The overall economic benefits of these actions on environmental pollutants are large but not quantified, at least for the EU. In the USA it has been estimated that $40 billion of savings a year can be achieved from taking lead out of children's environments.

But how do we begin to fill the information gaps that constrain our ability to act in reducing environmental pollution?

Let us recall what kinds of data and information have helped us in the past:

  • An open minded atmospheric scientist spots an unexpected trend in a routine long-term data series collected over several decades for other research purposes. This was how the hole in the ozone layer was discovered, which is now contributing to increased skin cancers in children and suppression of their immune systems.
  • A curious physician shifts his research focus from measuring lead in children's blood to measuring lead in their 'milk' teeth to get a better measure of the cumulative lead dose. He related body burdens of lead to IQ in an epidemiological study based on stored teeth and showed that leaded petrol damages children's brains during their foetal and infant development.
  • Coordinated surveillance of asthma in children across Europe reveals that trends are really rising (not just that diagnoses have improved), and that asthma is a multi-causal disease involving genes, diet and immunity and several environmental pollutants.

From these examples we can see that identifying and responding to early warnings of health hazards requires many different players, including the public and research scientists, and many different sources of information and knowledge, integrated in ways which bring out the complex linkages between our children's environments and their health.

Much can be gained from existing sources, often collected for other purposes. But now, new, coordinated and shared information needs to be generated to fill the large gaps in knowledge. For example, only 14% of large volume chemicals have sufficient publicly available data to do a minimal risk assessment, and that only for exposure to one substance at a time.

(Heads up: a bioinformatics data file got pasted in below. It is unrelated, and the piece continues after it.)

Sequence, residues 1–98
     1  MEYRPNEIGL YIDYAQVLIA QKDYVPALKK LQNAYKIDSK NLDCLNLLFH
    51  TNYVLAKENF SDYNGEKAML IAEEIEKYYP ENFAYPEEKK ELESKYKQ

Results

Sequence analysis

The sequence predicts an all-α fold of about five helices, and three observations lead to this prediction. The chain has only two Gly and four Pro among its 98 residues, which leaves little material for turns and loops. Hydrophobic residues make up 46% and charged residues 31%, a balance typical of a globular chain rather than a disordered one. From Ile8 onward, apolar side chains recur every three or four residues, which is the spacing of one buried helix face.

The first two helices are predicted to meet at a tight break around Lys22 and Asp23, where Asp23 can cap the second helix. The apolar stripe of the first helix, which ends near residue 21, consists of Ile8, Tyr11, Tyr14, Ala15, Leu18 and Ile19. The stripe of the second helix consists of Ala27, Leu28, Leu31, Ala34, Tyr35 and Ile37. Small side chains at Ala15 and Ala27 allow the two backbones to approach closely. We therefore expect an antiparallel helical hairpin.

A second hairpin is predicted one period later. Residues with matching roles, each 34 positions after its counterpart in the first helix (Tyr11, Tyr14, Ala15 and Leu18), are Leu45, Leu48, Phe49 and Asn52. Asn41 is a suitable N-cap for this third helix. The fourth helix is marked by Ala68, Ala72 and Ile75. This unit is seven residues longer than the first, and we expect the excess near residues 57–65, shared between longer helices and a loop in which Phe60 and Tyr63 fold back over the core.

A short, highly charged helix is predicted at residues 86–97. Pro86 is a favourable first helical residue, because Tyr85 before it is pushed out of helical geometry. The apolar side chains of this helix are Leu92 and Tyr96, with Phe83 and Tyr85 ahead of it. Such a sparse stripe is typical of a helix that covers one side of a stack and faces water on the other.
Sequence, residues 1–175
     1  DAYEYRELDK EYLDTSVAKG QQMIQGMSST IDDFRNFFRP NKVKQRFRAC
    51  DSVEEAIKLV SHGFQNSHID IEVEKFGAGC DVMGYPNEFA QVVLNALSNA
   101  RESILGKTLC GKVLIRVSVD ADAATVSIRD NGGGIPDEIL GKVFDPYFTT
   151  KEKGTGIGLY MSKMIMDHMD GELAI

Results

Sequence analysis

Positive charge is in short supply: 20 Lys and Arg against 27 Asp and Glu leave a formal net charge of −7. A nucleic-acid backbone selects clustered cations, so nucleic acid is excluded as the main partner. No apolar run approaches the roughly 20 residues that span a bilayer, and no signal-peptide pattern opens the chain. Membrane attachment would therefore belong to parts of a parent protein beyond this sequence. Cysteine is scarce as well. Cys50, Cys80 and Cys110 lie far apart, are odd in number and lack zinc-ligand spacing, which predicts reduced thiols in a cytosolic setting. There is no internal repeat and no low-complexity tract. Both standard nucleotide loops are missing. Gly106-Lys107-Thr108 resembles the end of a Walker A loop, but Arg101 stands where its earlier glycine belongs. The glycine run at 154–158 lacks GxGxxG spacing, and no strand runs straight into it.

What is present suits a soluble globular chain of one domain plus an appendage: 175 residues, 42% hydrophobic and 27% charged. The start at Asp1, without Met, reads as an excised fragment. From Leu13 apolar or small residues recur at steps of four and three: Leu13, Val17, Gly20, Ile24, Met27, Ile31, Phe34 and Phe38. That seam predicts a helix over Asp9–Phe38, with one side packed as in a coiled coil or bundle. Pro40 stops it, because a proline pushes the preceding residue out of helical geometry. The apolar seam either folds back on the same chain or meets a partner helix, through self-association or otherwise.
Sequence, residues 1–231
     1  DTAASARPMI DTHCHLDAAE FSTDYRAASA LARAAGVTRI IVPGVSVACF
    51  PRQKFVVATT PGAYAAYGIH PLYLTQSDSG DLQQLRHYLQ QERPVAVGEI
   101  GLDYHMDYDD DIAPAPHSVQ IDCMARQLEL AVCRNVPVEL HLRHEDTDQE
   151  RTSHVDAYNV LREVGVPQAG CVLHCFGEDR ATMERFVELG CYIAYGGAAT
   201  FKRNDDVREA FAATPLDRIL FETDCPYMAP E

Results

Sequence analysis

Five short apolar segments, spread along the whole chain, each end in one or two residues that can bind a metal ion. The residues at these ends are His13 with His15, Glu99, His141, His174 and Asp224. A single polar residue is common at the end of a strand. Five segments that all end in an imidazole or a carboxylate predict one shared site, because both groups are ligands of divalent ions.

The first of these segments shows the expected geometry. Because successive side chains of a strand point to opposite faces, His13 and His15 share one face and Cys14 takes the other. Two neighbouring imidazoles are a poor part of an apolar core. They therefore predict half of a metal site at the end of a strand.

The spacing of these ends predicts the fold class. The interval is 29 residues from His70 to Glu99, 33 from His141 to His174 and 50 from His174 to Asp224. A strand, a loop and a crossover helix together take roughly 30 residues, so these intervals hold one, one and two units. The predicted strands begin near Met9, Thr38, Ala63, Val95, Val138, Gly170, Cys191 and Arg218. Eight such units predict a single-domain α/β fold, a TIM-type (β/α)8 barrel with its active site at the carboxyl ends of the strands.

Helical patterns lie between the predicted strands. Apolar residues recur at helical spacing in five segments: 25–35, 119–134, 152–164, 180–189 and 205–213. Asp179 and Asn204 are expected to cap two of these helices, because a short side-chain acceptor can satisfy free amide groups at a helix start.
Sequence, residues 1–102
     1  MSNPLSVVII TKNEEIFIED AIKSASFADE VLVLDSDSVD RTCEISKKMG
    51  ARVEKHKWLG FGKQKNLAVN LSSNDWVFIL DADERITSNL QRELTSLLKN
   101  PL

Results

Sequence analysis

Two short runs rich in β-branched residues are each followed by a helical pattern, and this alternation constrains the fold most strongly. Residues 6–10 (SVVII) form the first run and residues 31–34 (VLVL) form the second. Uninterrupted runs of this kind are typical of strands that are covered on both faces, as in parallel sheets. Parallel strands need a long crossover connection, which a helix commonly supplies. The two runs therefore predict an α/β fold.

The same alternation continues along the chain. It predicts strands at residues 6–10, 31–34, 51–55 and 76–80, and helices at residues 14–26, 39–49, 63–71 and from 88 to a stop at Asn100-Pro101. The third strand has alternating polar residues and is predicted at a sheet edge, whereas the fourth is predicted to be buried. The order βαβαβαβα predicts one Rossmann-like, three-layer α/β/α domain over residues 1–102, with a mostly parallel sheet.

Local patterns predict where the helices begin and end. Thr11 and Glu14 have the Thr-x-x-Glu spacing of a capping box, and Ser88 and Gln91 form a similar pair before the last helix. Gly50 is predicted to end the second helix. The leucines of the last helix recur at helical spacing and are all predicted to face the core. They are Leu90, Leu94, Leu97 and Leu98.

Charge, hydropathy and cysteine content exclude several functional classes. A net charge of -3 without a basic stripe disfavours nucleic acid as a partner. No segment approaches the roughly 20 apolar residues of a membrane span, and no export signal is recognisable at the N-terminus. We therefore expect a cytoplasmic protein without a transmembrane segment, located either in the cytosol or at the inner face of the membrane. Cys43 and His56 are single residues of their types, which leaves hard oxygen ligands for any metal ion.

Such information systems provide major benefits by:

  • Identifying priorities for environmental exposure reductions;
  • Identifying early warnings of potentially costly hazards;
  • Making the public aware so that they can better identify and avoid environmental health hazards;
  • Destroying myths such as 'asthma is only caused by traffic fumes', or 'only 2% of cancer is caused by environmental factors';
  • Estimating the effectiveness of policy measures;
  • Helping to identify savings on health and education budgets.

So what should the role of the EEA, in partnership with countries, the European Commission, WHO and others, be over the next five years?

We have two main priorities:
- To promote the collection of integrated environmental exposure data via better balanced and co-ordinated monitoring and modelling of environmental media; and
- To turn scattered data into a reliable information service. This will be done by formulating relevant environment and health indicators and assessments as well as by presenting information on the scales needed by different users. These scales range from the "backyard" of a national minister - in other words, the whole country - down to the local neighbourhood of citizens who want to know more about the environment in which they live.

Many elements of such an information service are already in place, although mostly at country level. But even more needs to be done if we want to look our children in the eye and say that our ongoing large-scale experiment is not damaging to their health.

The Agency will be extending its geo-referenced information service in partnership with our member countries, WHO, academics and NGOs over the next 12 months to meet the growing demand for regional and local information about health and the environment, whilst not increasing the burden of reporting.